Thursday, 3 February 2011

Chaos under Heaven.

  "There is great chaos under heaven – the situation is excellent." - Mao Zedong

Hosni Mubarak sent the baltigi (ex-prisoner cop drug addicts) in to suppress the demonstrations after announcing that he will step down at the next election, or more accurately, he will not seek re-election in September (in theory). So from the initial "concession" of throwing out the administration and keeping the dictator, Mubarak appeared to have accepted the end of his rule albeit on his own self-pitying terms for the sake of pride. The announcement was rightfully met with rage from the Egyptian people and there were soon reports of clashes in Alexandria. Then came reports of cops and hired thugs riding camels into Tahrir Square to attack the demonstrators, the appearance of acceptance was just an illusion. Condemnation of this in the West has been shamefully timid, it is a clear attempt at suppression by the NDP. David Cameron was cautious in his words "If it turns out that the regime in any way has been sponsoring or tolerating this violence, that would be completely and utterly unacceptable."

In defence of the Mubarak regime Tony Blair has crawled out of his hole to describe Mubarak as an "immensely courageous and a force for good" and warned against revolutionary change on the grounds that the Muslim Brotherhood could seize the country. Not surprising really as the British government has supported the Nationalist regime for years. Blair was so keen to invade Iraq for the sake of disarming a brutal dictatorship, which is coincidentally the second largest producer of oil in the world run by a disobedient tyrant. The fall of Saddam was a "liberation" for the Iraqi people because it allowed the US to implement economic reforms favourable to multinational corporations in Iraq. The fall of the NDP in Egypt could threaten the neoliberal project that the invasion of Iraq was a part of, as the demonstrations are not just for freedom and democracy but social justice as well. As the protesters demand jobs and a safety-net they are a threat to the project, all currents of independence are a threat and any bulwark against such threats will do.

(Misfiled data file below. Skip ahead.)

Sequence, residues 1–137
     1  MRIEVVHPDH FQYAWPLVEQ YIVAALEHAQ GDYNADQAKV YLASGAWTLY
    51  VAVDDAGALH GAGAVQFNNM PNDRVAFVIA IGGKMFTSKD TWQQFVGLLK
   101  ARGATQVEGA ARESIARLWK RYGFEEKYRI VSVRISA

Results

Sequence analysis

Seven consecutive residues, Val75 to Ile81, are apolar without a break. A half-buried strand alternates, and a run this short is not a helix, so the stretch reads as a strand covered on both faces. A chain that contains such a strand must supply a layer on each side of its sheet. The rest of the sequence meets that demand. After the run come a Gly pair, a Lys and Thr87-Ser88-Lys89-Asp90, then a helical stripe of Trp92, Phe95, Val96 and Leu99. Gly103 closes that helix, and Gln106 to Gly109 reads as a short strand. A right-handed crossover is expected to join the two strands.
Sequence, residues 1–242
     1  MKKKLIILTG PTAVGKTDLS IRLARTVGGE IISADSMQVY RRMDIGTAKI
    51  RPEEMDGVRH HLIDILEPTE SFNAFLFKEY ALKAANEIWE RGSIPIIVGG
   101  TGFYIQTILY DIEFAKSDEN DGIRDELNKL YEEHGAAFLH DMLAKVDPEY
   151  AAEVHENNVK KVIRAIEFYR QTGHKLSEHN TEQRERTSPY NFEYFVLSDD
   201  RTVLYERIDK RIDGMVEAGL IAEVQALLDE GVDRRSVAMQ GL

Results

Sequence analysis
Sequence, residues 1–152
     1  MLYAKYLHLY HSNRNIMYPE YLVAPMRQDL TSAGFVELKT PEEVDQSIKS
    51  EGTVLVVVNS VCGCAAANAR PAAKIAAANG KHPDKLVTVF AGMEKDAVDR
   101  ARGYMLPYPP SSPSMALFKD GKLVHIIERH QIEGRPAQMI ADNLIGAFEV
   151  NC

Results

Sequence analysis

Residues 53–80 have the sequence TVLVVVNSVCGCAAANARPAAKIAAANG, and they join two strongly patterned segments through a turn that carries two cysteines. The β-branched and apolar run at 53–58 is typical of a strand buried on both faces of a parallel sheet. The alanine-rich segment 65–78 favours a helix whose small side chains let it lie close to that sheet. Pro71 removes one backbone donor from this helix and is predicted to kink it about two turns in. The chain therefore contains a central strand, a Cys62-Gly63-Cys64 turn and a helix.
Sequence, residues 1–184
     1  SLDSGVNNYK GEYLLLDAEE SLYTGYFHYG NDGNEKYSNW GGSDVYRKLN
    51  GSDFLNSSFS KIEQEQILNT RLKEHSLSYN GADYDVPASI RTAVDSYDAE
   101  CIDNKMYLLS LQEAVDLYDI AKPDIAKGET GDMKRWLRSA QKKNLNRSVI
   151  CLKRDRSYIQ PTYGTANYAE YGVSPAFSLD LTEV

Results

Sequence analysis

The media are still running with the line that this could be the Egyptian "Islamic Revolution", even though the April 6th movement is secular and democratic, we're told to expect the emergence of an Islamic state. The revolutionary contagion which began in Tunisia seems to have rushed through Egypt and into Jordan, as well as Yemen, with most governments making concessions to avoid retirement in Saudi Arabia. Incidentally a revolution of this kind in Saudi Arabia would be a pleasant sight. Meanwhile, King Abdullah of Jordan has dismissed his government after 3 weeks of protests. Ali Abdullah Saleh, who has ruled Yemen for over 30 years, has also vowed not to seek re-election in 2013 though it looks unlikely if he will keep his promise. So the grievances in the country go back to the 70s when Sadat began to "open up" the economy, out of the economic reforms sprouted endemic corruption and a need to control the masses. In death Sadat provided Mubarak with the excuse - namely fighting terrorism - to control the population through martial law.